Conference Paper

Social context summarization

DOI: 10.1145/2009916.2009954 Conference: Proceeding of the 34th International ACM SIGIR Conference on Research and Development in Information Retrieval, SIGIR 2011, Beijing, China, July 25-29, 2011
Source: DBLP


We study a novel problem of social context summarization for Web documents. Traditional summarization research has focused on extracting informative sentences from standard documents. With the rapid growth of online social networks, abundant user generated content (e.g., comments) associated with the standard documents is available. Which parts in a document are social users really caring about? How can we generate summaries for standard documents by considering both the informativeness of sentences and interests of social users? This paper explores such an approach by modeling Web documents and social contexts into a unified framework. We propose a dual wing factor graph (DWFG) model, which utilizes the mutual reinforcement between Web documents and their associated social contexts to generate summaries. An efficient algorithm is designed to learn the proposed factor graph model.Experimental results on a Twitter data set validate the effectiveness of the proposed model. By leveraging the social context information, our approach obtains significant improvement (averagely +5.0%-17.3%) over several alternative methods (CRF, SVM, LR, PR, and DocLead) on the performance of summarization.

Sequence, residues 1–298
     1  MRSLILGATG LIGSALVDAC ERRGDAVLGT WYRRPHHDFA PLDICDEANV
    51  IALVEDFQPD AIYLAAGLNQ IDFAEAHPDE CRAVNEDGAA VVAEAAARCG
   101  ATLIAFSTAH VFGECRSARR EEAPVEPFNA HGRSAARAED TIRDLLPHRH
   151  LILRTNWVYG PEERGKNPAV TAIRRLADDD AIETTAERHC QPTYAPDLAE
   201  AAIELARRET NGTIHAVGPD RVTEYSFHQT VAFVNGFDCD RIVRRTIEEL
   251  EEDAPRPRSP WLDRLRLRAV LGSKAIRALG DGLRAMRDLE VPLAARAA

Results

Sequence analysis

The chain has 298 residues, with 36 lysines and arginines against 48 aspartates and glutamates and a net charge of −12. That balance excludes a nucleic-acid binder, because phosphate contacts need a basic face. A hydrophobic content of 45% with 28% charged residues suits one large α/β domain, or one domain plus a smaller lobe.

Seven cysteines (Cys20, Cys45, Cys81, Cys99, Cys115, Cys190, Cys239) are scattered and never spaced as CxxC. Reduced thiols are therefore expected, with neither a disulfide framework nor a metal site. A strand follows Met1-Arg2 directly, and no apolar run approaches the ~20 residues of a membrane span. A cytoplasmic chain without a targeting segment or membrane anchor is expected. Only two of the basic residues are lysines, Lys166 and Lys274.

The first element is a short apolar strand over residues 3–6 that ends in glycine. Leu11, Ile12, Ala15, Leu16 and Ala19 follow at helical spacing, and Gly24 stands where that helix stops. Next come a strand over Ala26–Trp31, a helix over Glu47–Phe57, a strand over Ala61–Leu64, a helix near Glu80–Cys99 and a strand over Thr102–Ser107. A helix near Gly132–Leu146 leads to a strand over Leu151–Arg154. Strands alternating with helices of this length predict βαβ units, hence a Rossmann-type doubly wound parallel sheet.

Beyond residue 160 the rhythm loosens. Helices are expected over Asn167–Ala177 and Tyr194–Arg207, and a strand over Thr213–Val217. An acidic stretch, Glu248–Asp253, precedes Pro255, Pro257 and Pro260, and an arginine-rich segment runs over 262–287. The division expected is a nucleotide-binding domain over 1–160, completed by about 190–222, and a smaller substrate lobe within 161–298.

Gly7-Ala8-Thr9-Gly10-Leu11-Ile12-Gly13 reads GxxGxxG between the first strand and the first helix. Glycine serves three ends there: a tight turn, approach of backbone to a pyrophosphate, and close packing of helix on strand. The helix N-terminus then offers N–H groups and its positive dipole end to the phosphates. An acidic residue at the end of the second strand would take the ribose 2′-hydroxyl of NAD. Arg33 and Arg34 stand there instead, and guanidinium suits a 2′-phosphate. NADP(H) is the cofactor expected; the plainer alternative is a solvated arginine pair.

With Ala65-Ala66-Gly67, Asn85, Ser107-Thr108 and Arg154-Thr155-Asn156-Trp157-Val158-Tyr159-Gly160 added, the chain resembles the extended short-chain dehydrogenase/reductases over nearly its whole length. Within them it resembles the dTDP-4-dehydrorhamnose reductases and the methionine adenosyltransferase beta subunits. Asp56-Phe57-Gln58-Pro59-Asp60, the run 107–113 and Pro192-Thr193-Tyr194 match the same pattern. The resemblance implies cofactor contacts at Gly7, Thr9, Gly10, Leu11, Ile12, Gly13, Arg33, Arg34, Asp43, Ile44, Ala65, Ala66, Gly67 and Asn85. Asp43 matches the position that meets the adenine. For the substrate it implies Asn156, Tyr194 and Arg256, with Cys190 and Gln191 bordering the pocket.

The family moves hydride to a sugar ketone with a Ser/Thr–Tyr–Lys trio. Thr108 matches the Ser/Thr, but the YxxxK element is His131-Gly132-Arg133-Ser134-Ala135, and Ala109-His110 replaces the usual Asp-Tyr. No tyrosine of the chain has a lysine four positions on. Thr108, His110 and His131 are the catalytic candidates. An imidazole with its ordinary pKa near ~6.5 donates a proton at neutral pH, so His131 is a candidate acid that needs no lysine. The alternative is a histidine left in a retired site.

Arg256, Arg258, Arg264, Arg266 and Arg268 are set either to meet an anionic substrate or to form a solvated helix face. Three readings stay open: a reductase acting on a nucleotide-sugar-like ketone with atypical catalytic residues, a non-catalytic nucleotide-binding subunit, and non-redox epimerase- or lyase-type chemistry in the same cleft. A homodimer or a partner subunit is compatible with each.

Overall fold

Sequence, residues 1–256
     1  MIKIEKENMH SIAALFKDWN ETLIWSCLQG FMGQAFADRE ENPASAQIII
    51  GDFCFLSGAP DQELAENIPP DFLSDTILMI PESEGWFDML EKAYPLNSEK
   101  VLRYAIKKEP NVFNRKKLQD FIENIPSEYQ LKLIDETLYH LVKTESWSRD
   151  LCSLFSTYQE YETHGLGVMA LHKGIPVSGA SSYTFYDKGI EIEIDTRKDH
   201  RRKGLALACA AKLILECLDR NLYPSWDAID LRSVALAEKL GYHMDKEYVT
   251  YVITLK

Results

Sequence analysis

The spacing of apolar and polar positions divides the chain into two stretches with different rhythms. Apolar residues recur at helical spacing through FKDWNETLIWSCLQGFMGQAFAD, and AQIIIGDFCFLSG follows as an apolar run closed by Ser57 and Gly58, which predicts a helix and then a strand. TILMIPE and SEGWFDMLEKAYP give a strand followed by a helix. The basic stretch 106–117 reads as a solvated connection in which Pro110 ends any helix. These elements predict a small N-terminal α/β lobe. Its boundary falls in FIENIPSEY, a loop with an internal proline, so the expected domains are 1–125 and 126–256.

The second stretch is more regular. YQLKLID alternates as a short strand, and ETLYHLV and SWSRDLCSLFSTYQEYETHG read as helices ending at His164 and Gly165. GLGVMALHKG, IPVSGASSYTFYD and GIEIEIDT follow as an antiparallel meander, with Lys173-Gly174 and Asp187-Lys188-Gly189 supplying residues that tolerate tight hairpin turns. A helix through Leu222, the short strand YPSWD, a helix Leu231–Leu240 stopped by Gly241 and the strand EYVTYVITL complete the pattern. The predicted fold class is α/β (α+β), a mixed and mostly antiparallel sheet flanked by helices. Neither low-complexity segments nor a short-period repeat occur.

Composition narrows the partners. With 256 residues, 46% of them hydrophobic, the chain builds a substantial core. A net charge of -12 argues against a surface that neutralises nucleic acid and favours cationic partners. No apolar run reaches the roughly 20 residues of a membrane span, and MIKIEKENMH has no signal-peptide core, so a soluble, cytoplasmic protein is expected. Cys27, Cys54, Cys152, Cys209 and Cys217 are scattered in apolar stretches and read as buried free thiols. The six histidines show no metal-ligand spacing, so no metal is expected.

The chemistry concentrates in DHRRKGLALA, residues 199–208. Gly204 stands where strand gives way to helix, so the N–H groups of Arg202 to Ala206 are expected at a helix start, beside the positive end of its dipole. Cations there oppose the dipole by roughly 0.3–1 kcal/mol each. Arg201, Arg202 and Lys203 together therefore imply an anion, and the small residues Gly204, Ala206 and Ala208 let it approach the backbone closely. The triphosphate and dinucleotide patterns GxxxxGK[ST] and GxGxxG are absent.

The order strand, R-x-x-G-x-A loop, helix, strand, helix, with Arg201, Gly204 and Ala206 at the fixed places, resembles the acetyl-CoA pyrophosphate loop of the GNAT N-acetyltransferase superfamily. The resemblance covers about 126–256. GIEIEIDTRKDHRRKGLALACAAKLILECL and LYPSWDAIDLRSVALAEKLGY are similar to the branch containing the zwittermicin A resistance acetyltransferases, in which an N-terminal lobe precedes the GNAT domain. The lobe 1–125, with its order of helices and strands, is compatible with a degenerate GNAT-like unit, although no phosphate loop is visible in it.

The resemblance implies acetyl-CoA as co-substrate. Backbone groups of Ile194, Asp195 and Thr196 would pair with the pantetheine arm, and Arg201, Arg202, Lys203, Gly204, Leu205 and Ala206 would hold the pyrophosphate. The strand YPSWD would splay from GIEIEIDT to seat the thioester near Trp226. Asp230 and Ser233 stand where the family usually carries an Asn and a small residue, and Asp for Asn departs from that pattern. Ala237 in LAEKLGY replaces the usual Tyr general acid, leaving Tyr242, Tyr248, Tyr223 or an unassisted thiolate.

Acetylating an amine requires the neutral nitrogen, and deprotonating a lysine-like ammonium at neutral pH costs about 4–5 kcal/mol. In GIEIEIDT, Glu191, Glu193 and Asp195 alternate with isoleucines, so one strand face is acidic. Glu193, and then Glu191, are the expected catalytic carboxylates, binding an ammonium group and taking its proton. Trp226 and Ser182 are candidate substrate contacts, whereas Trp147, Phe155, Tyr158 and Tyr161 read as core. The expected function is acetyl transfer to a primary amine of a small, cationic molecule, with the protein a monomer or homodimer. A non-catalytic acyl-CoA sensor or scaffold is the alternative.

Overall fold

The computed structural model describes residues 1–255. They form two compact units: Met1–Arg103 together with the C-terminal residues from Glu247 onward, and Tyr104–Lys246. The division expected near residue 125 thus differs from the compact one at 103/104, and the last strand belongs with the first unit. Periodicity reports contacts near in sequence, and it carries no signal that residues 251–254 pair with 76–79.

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Available from: Zhong Su
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    • "Intuitively, the more often some part of the story is tweeted, the more salient it might be. Previous work assumed that such socially focused sentences might be closely related to the reference summary [18] [3] [16]. However, there are some important questions left unanswered. "
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    • "Recently, significant attention has been directed at detecting and tracking events as they surface in microblogs [12] [27]. Social media messages have also been used to predict the popularity aspect of news stories [3], as well as assist in their summarization [33]. Our problem statement looks at the reverse perspective by observing responses to news articles describing real-world events. "
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